We then went to see the Big Church because it was there and it was, well, so big! You can see the sanctuary here in the distance. On this material plane, there is a tendency to express the magnitude of our devotion by the magnitude of the structures we create. And this one was truly impressive. And a testimony to the willingness of countless individuals to pour time, effort, and money to celebrate the power of God. It was quite beautiful, but not comparable in power to the smaller church where Mother lives.
After our time with Divine Mother, we walked a short distance through the woods to a restaurant and feasted as you feast in Italy on polenta, and bread and cheese, and pasta. Altogether a lovely, soul-inspiring day of divine and human friendship.
The restaurant was a rustic building with the name (translated into English) of “Old Dry Canal.” Which was a definition of where it was located by the…. Can you guess? Included in the decorating motif, which was very eclectic and fun, were a lot of stuffies, including Winnie the Pooh. A long time ago, in the 70s, when I lived in the early monastic area of Ayodhya, my constant companion and soul-sister was Seva. I had a striped shirt and for that reason resembled Piglet, and Seva, in her calm kindness, became Pooh to my Piglet. Gradually many of the other sisters there also were named for the characters in the wonderful children’s book. It was a sweet part of our life together.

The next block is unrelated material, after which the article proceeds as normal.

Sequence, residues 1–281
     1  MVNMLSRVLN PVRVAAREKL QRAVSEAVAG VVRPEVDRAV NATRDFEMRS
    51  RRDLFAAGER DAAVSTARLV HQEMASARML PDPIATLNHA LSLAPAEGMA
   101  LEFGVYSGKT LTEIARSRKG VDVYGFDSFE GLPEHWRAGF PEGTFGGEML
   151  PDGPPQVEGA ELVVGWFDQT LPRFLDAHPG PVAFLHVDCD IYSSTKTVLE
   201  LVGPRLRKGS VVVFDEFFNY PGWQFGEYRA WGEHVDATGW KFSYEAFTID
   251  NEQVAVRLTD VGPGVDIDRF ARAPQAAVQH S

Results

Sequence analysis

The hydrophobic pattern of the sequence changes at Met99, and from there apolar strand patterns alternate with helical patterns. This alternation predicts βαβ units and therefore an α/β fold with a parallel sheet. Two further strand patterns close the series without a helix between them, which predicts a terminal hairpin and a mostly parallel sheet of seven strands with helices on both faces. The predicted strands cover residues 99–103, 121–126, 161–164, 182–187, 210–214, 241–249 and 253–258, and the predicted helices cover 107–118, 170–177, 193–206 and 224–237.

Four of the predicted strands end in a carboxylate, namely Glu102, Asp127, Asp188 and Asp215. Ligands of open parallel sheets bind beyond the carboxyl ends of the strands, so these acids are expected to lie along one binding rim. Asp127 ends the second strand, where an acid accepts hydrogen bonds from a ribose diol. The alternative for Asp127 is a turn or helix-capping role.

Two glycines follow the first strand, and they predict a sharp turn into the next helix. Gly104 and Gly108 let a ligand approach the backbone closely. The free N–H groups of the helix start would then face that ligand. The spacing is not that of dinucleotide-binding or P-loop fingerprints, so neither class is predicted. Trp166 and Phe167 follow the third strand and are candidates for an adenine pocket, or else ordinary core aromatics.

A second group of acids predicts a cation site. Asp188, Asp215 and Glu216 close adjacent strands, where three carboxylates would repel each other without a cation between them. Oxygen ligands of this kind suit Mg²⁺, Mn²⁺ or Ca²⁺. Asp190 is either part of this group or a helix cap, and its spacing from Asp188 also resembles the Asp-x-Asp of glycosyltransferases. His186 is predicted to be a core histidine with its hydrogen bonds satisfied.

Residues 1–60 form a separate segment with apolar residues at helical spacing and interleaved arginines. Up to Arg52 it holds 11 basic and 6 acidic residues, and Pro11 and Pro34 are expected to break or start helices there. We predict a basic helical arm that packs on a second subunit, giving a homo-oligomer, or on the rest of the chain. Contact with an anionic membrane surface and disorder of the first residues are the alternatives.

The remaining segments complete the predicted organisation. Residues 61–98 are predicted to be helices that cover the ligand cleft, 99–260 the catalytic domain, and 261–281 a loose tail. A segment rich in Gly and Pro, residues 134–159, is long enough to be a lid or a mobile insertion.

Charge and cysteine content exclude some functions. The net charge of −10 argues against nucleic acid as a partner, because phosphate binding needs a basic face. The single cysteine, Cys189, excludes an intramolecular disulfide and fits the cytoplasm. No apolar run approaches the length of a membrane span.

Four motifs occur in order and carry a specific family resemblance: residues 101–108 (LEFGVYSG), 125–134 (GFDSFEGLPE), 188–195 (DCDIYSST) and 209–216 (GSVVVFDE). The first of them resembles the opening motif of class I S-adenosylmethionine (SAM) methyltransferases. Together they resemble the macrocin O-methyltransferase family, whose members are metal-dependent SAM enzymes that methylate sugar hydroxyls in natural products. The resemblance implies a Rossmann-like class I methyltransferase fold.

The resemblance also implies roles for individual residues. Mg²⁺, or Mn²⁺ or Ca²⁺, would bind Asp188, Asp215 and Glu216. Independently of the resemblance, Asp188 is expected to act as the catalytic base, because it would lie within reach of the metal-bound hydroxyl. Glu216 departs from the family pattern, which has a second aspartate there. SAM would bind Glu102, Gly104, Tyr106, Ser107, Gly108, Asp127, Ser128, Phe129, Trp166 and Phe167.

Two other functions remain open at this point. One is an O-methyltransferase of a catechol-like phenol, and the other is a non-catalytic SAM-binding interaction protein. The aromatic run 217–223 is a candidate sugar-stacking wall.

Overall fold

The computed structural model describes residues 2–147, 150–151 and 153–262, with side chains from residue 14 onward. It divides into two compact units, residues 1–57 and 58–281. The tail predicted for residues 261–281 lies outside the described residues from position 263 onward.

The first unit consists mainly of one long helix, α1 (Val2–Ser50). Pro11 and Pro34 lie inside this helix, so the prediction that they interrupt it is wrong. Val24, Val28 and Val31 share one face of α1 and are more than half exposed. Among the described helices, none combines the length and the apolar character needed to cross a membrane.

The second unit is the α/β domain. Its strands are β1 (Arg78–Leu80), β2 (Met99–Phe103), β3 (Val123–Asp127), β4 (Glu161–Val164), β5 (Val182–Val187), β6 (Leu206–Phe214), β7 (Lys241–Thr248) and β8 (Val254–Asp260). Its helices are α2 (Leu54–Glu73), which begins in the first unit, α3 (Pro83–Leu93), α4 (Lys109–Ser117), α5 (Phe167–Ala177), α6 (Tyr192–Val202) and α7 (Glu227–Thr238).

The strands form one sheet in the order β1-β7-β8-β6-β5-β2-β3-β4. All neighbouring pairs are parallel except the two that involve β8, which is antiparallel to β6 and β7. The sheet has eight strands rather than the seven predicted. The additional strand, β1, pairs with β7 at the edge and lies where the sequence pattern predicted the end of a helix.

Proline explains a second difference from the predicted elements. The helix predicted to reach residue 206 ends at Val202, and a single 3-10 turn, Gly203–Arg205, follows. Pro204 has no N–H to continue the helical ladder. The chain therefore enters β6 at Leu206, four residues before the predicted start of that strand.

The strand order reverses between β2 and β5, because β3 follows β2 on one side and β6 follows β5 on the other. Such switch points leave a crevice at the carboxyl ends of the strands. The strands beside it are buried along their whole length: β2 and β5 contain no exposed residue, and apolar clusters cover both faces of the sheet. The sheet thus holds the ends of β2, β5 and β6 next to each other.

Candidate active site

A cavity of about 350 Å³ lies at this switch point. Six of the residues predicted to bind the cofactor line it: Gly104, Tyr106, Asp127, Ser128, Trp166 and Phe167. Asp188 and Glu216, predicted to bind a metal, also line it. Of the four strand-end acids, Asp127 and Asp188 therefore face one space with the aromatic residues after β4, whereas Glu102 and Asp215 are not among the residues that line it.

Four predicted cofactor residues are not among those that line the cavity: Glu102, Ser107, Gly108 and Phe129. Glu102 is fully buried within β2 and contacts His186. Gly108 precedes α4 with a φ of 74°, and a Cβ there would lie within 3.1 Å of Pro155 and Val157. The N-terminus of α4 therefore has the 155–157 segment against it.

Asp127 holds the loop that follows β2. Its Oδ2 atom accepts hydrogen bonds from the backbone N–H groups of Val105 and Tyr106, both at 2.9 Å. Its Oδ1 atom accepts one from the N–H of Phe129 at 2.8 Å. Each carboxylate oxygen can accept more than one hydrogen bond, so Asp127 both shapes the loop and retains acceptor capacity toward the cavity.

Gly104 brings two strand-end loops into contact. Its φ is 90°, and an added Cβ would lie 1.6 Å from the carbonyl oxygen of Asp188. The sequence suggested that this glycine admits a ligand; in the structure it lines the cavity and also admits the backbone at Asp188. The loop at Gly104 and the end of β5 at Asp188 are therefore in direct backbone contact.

A few years ago, right after Seva died, I went to her small cottage and there on the counter was a big mug with Pooh and Piglet on it. It seemed to be something she was using regularly. I asked if I could have it and it was generously given to me. After I left Ayodhya and a few years later, moved to Palo Alto, my friendship with Seva expressed itself more inwardly. Circumstances had changed for both of us and the day after day companionship wasn’t possible anymore. Her friendship, though, at the beginning, and throughout my life, was one of the greatest blessings of this incarnation. Seeing the Pooh and Piglet cup on her counter was confirmation of what I knew inwardly, that time had not weakened our bond.